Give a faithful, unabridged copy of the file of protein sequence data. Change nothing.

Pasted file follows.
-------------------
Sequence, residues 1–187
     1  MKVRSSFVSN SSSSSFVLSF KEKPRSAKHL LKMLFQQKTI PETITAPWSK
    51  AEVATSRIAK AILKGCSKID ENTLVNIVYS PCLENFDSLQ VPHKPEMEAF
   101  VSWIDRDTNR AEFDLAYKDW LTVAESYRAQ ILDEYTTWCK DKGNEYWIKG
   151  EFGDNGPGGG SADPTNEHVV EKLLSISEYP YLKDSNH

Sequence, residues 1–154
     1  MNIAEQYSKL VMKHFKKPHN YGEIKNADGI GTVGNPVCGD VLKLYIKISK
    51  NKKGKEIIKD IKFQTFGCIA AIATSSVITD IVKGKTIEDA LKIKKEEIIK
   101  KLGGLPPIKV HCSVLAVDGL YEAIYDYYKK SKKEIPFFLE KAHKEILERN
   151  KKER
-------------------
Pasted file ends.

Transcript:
Sequence, residues 1–187
     1  MKVRSSFVSN SSSSSFVLSF KEKPRSAKHL LKMLFQQKTI PETITAPWSK
    51  AEVATSRIAK AILKGCSKID ENTLVNIVYS PCLENFDSLQ VPHKPEMEAF
   101  VSWIDRDTNR AEFDLAYKDW LTVAESYRAQ ILDEYTTWCK DKGNEYWIKG
   151  EFGDNGPGGG SADPTNEHVV EKLLSISEYP YLKDSNH

Sequence, residues 1–154
     1  MNIAEQYSKL VMKHFKKPHN YGEIKNADGI GTVGNPVCGD VLKLYIKISK
    51  NKKGKEIIKD IKFQTFGCIA AIATSSVITD IVKGKTIEDA LKIKKEEIIK
   101  KLGGLPPIKV HCSVLAVDGL YEAIYDYYKK SKKEIPFFLE KAHKEILERN
   151  KKER